Mothering Forum banner

1 - 6 of 6 Posts

·
Registered
Joined
·
446 Posts
Discussion Starter · #1 ·
<p>My almost 3 year old DD does not make eye contact.  She is very friendly and makes friends easily with kids her age.  DH also is not that good at making eye contact.  Should I work with her to help her make eye contact?  Perhaps it's just a personality thing?</p>
 

·
Registered
Joined
·
90 Posts
<p>So I could be completely off the mark, so take this with a grain of salt, but an inability to make eye contact is a very common symptom of Asperger's Syndrome.  I'm not sure if you're familiar with it, but it's a form of Autism (I know, scary word these days) but it's often a very mild socially based disorder (another word I hate)  You say that she makes friends easily though, so perhaps not?  I took care of two brothers who were later diagnosed with Asberger's and they had a very hard time making eye contact (their dad also has it)  They are very smart, very sweet boys, they just have a difficult time socially -getting to know other kids, feeling comfortable interacting with them, sometimes they get overly upset about certain things and don't quite know how to calm down.  But  NOTHING is wrong with them, they get a little extra  one on one in school, and they're great kids.</p>
<p> </p>
<p> </p>
<p>You mention that DH does the same thing, have you ever asked him why?  Has it always been a problem for him?  Is it something that has been a problem for you in your relationship?  Could it just be shyness or do you feel like it's something else? Maybe it's just a learned behavior from her dad?  When did you first notice it with DD?</p>
 

·
Registered
Joined
·
252 Posts
<p>I think it could easily be a personality trait. Many introverted people prefer not to make eye contact. Extroverted people have a hard time understanding how exhausting it is to connect with so many people because they get energy from contact with others. Introverted people need time to recharge and interacting with others actually depletes their energy.</p>
<p> </p>
<p>I know when I don't have anything left in my emotional battery I purposefully avoid interaction/eye contact and situations where I will encounter people. Even with my husband. He's an extrovert and doesn't really get it but he's learning not to be offended or treat me like there is something wrong me it is just the way I'm wired.</p>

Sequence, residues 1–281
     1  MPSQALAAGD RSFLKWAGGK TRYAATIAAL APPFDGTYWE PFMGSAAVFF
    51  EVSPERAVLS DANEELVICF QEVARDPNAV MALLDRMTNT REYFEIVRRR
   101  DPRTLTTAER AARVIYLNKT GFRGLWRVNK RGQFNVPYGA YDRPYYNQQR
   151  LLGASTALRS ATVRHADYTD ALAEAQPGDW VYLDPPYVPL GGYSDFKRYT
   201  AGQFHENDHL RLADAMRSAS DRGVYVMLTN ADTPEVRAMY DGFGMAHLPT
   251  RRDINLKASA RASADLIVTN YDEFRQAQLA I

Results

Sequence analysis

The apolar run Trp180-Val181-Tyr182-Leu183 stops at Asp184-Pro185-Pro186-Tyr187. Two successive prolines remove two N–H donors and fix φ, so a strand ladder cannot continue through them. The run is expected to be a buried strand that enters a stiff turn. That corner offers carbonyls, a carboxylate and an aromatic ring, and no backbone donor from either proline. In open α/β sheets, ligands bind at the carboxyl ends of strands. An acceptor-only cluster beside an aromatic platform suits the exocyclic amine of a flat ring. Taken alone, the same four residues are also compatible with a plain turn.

<p> </p>
<p>I think encouraging eye contact might backfire, especially if she is an introvert. The decision to make eye contact is personal and I remember being barked at to "look at me when i talk to you" and that never went well.</p>
<p> </p>
<p>Since she's able to make friends and socialize I'd leave it alone or risk making it worse.</p>
 

·
Registered
Joined
·
252 Posts
<p>Also here is a great link to an article: <a href="http://imaginationsoup.net/2010/08/shes-not-shy-shes-introverted/" target="_blank">http://imaginationsoup.net/2010/08/shes-not-shy-shes-introverted/</a></p>
 

·
Registered
Joined
·
446 Posts
Discussion Starter · #5 ·
<p>Thank you so much for your responses.  As I said DD is very friendly and social.  She is more of the "look at me" child then the stand back and watch kid.  But she does like playing by herself and being quite for periods of time too.  I think I may just let it go and make an effort to always look at her and make eye contact when I am chatting with her.</p>
<p> </p>
<p>As for DH, he would say "Why do I have to look you in the eye?  Who made up that rule?" and then stare at me.  He has very good self esteem.  But he is quieter.  It does not effect his work because people I think expect this behaviour from computer person.  In fact it may make them trust him more.</p>
 

·
Registered
Joined
·
252 Posts
<p>Also something to remember is that people shift in and out of phases of introversion and extroversion. I've found that if I'm processing a lot of new information or learning something that is particularly challenging I want to spend less time with people.</p>
 
1 - 6 of 6 Posts
Top